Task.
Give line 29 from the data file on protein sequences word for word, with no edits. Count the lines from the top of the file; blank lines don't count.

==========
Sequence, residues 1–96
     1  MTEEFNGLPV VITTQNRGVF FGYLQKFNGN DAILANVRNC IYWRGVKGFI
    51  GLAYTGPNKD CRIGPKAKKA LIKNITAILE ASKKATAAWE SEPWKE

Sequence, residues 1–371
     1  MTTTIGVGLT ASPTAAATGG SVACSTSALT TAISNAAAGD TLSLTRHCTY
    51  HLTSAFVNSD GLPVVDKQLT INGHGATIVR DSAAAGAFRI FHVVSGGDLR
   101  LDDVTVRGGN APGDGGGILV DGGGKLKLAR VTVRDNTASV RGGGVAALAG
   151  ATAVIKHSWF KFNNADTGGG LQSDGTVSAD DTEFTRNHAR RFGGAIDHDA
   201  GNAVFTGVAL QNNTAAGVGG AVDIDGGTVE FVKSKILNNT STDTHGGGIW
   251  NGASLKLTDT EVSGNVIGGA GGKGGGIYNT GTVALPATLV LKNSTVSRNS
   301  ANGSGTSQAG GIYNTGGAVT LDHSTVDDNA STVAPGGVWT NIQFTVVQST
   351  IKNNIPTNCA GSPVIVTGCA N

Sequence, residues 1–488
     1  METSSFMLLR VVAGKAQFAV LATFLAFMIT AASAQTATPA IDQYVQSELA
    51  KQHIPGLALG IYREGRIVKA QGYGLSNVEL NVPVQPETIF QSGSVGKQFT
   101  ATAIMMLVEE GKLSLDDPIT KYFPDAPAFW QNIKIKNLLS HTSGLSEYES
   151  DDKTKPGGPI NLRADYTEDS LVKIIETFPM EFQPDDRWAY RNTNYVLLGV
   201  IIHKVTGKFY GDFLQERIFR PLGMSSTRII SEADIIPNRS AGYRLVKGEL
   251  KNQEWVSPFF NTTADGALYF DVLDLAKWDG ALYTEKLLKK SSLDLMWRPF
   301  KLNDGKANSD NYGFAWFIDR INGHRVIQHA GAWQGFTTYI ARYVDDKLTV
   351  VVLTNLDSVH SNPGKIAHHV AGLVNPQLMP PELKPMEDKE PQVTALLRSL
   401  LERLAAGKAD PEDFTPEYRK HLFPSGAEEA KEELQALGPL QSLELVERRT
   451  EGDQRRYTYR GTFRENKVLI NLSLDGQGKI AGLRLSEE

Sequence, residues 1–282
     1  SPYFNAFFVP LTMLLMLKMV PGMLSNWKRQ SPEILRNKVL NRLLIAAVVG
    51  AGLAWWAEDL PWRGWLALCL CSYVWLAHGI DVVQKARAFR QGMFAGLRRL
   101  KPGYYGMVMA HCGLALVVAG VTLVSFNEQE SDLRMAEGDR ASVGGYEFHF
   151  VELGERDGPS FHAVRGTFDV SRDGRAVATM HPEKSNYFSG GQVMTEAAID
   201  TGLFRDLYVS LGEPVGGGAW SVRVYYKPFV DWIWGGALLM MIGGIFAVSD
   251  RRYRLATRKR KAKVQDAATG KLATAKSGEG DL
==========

   201  TGLFRDLYVS LGEPVGGGAW SVRVYYKPFV DWIWGGALLM MIGGIFAVSD